5 Reasons Why Building a Running Base Matters

At the time of publishing this blog, the 2023 NYC Marathon is 23 weeks away. The average marathon training cycle is 16 weeks long, so why are we talking about NYC now?

 

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Because in actuality, the next few weeks are the most important part of your training, and could make or break what week 10-16 looks (and feels) like. What you do now sets the tone for how smoothly your training will go. This is base building season

 

WHY BASE BUILDING MATTERS

1. Preempt Injury

While online 'couch to marathon' training plans insinuate that going from 0 to 100 is possible, we can all probably agree that it doesn't sound particularly smart. The biggest risk to your body when attempting an endurance race is increasing stress on your body too quickly; in other words, adding too much mileage too soon. Your base build is meant to mitigate that risk by slowly and comfortably increasing your weekly mileage in a way that gives your body time to adjust. Keep in mind that the feedback loop of poor base -> injury can be extremely delayed; often these injuries don't pop up until you are in the heaviest weeks of training (4-6 weeks out from the marathon) and that is an extremely scary time to start regretting what you did or didn't do 3 months ago. 

 

For most 16 week plans, you should be at 15-20 miles/week (with a long run distance of 8-10 miles) as you enter week one. That doesn't mean you should just be capable of running that much; it means your body should be comfortable there. 

 

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2. Build Your Aerobic Base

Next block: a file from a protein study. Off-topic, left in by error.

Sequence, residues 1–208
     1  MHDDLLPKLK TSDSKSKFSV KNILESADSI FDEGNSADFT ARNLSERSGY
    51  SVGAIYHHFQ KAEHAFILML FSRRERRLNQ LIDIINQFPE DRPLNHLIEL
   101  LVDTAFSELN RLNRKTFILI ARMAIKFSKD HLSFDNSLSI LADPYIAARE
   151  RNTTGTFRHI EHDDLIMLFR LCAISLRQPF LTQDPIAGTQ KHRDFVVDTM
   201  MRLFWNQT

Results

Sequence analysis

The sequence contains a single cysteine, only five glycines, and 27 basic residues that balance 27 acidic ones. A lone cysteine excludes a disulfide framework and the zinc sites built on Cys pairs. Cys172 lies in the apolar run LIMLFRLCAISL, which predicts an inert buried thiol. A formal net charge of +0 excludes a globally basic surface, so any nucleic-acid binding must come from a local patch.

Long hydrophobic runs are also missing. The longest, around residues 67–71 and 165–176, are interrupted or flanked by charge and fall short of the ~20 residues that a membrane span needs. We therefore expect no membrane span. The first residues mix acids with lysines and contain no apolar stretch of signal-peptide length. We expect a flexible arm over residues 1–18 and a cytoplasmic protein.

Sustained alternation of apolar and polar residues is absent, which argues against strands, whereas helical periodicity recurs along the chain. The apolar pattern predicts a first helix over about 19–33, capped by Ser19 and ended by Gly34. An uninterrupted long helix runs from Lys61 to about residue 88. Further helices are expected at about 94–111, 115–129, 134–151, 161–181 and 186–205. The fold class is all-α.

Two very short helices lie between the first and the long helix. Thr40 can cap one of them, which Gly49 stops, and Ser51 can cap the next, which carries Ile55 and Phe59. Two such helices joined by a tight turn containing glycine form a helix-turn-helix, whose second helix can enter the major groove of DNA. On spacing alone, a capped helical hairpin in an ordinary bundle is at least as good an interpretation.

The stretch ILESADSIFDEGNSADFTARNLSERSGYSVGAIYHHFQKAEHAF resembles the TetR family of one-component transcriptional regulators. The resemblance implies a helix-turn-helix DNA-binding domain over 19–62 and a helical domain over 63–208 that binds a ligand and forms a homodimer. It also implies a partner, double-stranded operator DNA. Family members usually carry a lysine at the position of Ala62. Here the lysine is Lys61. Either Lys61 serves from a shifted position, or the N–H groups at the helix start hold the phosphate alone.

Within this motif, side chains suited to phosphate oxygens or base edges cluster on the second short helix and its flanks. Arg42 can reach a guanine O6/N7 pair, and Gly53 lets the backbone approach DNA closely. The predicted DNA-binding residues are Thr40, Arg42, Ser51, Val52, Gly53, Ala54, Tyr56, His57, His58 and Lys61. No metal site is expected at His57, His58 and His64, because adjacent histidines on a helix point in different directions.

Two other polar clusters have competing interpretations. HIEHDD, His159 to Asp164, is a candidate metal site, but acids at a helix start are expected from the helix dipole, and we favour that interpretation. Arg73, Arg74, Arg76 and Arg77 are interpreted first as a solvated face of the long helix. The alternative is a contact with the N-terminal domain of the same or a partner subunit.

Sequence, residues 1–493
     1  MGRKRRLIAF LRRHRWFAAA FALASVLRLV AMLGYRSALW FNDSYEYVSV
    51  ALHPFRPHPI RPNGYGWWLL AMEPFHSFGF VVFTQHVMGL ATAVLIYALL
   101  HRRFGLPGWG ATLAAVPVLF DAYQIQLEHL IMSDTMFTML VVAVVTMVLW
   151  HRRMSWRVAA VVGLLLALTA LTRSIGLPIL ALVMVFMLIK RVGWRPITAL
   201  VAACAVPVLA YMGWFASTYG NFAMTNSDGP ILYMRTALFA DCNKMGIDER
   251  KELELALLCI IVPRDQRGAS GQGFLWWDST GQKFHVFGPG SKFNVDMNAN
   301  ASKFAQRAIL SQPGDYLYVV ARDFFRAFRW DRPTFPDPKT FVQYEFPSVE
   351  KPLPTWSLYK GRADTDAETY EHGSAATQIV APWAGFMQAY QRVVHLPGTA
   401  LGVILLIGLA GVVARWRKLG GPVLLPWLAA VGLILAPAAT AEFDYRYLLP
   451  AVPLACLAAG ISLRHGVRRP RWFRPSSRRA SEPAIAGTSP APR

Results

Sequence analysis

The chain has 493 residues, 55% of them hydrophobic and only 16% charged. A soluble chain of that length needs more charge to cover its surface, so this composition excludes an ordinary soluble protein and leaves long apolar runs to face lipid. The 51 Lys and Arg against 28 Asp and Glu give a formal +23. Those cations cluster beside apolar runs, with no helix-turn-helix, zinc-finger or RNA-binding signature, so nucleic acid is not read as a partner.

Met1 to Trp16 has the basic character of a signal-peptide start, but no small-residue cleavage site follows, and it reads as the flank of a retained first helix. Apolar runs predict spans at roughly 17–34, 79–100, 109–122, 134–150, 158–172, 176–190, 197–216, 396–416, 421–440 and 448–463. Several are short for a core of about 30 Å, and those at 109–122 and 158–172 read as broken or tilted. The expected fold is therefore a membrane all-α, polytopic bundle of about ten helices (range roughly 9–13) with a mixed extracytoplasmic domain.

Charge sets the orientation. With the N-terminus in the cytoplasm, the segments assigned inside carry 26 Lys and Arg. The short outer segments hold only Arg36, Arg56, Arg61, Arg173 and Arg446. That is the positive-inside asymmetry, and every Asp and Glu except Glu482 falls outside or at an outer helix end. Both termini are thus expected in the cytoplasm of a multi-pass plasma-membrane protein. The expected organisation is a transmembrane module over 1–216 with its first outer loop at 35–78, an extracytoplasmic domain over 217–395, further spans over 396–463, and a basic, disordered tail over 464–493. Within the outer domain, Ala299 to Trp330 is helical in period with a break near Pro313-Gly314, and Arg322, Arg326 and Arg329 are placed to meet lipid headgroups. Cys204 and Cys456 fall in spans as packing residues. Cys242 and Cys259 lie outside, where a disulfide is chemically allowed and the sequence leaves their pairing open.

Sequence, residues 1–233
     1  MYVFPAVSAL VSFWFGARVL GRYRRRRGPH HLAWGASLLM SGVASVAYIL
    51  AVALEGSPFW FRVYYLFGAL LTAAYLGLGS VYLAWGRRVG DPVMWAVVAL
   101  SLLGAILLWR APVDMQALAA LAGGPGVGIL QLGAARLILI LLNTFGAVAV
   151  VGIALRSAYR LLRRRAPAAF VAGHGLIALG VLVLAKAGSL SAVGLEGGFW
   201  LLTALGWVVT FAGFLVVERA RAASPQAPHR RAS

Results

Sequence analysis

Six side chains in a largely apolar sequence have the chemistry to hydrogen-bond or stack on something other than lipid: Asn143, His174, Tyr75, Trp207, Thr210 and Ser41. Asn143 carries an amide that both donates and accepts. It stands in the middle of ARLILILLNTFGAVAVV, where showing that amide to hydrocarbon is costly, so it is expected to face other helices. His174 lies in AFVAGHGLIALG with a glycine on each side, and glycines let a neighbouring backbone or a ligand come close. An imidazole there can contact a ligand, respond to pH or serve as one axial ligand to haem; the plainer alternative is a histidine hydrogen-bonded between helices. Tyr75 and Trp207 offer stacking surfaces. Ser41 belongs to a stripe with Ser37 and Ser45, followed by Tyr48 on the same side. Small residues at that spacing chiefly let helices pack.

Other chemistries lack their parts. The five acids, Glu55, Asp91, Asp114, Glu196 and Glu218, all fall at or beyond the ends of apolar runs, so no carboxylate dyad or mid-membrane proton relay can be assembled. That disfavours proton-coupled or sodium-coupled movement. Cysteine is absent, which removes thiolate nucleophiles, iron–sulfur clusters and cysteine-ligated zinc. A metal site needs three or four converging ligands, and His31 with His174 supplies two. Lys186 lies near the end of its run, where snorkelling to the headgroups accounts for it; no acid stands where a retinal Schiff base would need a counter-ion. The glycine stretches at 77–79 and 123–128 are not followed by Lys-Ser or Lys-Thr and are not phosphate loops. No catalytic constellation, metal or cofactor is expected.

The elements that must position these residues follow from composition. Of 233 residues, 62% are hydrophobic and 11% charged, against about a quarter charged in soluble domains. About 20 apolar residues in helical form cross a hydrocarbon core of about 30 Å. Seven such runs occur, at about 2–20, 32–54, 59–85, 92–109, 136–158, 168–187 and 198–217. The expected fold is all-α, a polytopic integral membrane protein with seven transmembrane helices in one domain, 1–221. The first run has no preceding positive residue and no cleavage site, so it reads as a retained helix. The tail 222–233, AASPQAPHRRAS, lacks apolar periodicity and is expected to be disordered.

As you build your body's tolerance to the pounding and stress of running, you also build your heart and lung's capacity to tolerate aerobic exercise. This is the time to train your cardiovascular system to efficiently convert oxygen to energy, regulate heart rate and blood flow, and to do it all over extended periods of time. 

 

Your runs should be slow and steady to build your aerobic base. You should feel like you could keep going at the end of a run, not that you'll be wrecked for several days. Think of this as the difference between shocking your body and slowly acclimating your body to its new normal.

 

3. Acclimate to a Routine

On that note, this is also the time to start creating the lifestyle routines that you will use to help you mentally get through a long training cycle. Consider which days of the week are best for longer vs. shorter runs, how much time you need before and after to properly prep and recover from your workouts, and when you plan to fit in your cross training. Check out run groups in the city, and see if any are offering marathon training programs. Last year, Nike offered a weekly long run series that coincided with the 2023 NYC Marathon. 

 

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4. Learn Your Training Intensities

Your base building runs should all be at an easy, conversational pace (see 2. Build Your Aerobic Base), but that doesn't mean you don't need to worry about training intensities. In fact, right now is when you should have the most mental capacity to tune into your body and start learning to read its signals. An easy way is to read up on heart rate zones to start understanding how hard your body is working on any given run. Another is to start using the journal feature in your tracking app to denote how hard any given run felt. 

 

5. Optimize Strength

There's no way to dance around this: Running sucks out your strength gains. Running optimizes your body to carry as little load as necessary in order to go fast and long. Marathon training will also take up more and more of your time, and you may struggle to find time to fit strength in as you reach the latter half of your training. That's why now is the best time to build muscle; muscle to protect you from injury and breakdown later on. Even as you are building your aerobic base, your energy during this phase should go towards lifting heavy and consistently rather than hard running workouts. 

 

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GETTING STARTED WITH YOUR BASE TRAINING RUNNING PLAN

If this is your first marathon, congratulations! It takes courage to sign up for a race, let alone a marathon, and while the road is a long one, it is an incredibly rewarding and gratifying one. There are a ton of great resources online (starting with our blog!) for understanding how to care for yourself through it, but at MOTIVNY we highly recommend having a conversation with a physical therapist to jump start the learning process. Tap below to set up an appointment today.

 

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